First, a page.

The Heart Valve Society

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Patient Specific Numerical Modeling of Diseased Aortic Valve Hemodynamics using Fluid-Structure Interaction Approach
Huseyin C. Yalcin1, Armin Amindari2, Kadir Kirkkopru2, Asma Althani1, Magdi Yacoub3.
1Qatar University Biomedical Research Center, Doha, Qatar, 2Istanbul Technical University, Faculty of Mechanical Engineering, Istanbul, Turkey, 3Faculty of Medicine, National Heart & Lung Institute, Imperial College, London, United Kingdom.

OBJECTIVE: A diseased aortic valve disturbs hemodynamics, which is associated with heart attack risk. Abnormal hemodynamics may also trigger mechano-biological mechanisms that may cause further complications. Therefore, it is very critical to qualitatively and quantitatively assess aortic valve hemodynamics for diagnosis, for decision making of the treatment options as well as for the biological investigation of the disease progression. In the current study, we aimed to develop numerical patient specific aortic valve models using commercial ANSYS solver. METHODS: Model geometries are generated in ANSYS workbench based on b-mode echo images from patients. In these geometries, flow domain is discretized into finite volumes and aortic root and leaflets are discretized into finite elements. Doppler measured velocities at aortic inlet are used as transient velocity boundary conditions. Fluid equations (i.e. Naiver Stokes and continuity) are solved via ANSYS Fluent whereas solid (i.e. deformation) equations are solved via ANSYS Mechanical. At each time step, fluid and solid equations are coupled using System Coupling Module and solution is converged in an iterative manner. The validity of the models were verified by comparing peak transvalvular pressures from the models with catheter pressure readings. RESULTS: Using this approach, we were able to investigate hemodynamics for a normal valve, a stiffened stenosed valve, and a congenital bicuspid valve. We identified specific flow patterns near the front ventricularis and back fibrosa surfaces of normal valve leaflets and showed how these patterns deteriorated during disease. Wall shear stress levels were calculated with higher stresses at ventricularis surfaces, and lower stresses on fibrosa surfaces for diseased valves.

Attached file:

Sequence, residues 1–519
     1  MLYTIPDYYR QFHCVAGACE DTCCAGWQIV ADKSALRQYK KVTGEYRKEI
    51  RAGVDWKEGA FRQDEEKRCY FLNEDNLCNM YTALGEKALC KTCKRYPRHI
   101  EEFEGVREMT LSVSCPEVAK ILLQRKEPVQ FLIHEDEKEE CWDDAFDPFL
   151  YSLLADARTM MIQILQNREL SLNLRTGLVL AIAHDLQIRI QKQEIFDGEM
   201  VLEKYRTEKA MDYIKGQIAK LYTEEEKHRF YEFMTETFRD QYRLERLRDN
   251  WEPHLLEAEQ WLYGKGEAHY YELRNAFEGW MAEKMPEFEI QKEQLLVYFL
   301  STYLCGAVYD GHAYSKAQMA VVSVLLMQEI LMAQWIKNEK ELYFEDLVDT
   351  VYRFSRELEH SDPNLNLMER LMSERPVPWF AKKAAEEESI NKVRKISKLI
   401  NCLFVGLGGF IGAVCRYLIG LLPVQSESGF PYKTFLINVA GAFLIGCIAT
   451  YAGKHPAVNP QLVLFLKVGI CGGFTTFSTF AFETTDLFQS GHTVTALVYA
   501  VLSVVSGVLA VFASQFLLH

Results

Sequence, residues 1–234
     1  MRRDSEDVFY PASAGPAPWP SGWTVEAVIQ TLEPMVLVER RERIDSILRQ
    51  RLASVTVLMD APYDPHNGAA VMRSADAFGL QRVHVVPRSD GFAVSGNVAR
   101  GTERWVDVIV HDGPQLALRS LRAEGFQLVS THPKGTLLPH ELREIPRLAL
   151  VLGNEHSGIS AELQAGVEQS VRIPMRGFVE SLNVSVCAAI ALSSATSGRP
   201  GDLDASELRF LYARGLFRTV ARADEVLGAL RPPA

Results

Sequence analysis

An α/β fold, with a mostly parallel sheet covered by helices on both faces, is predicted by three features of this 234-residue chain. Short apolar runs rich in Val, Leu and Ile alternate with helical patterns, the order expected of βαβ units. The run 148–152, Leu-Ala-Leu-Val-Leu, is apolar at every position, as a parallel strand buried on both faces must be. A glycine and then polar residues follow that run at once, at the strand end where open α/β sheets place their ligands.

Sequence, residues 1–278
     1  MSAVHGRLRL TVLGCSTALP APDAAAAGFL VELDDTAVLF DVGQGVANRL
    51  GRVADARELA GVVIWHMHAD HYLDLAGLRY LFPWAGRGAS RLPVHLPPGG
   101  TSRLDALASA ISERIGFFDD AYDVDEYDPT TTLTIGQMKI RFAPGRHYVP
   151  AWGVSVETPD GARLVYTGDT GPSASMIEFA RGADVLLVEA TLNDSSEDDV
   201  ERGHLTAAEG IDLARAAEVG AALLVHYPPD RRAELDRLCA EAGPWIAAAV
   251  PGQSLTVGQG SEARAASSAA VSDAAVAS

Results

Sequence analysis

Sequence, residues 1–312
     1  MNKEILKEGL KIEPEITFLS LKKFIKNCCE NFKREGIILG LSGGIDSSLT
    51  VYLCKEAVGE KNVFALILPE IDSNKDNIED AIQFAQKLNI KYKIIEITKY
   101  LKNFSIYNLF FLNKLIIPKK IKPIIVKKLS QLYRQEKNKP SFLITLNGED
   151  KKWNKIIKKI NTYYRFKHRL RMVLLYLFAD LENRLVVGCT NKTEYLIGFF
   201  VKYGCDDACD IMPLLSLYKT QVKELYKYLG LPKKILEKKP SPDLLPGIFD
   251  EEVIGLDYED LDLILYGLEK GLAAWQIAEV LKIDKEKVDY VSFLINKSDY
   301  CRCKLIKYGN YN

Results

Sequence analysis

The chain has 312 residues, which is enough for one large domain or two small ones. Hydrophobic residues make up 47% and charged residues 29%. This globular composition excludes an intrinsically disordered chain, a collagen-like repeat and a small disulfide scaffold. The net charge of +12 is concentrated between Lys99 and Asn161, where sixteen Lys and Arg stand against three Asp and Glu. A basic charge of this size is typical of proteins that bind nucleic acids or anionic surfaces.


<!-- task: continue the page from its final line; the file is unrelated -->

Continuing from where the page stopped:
CONCLUSIONS: We have developed a straightforward methodology to generate patient specific numerical models for aortic valve hemodynamics using a commercial numerical solver. We identified specific flow patterns and wall shear stress levels for normal and diseased cases implying significant contribution of hemodynamic stresses on disease progression. Our approach will be valuable and readily applicable for other researchers working on numerical modeling of aortic valve hemodynamics.


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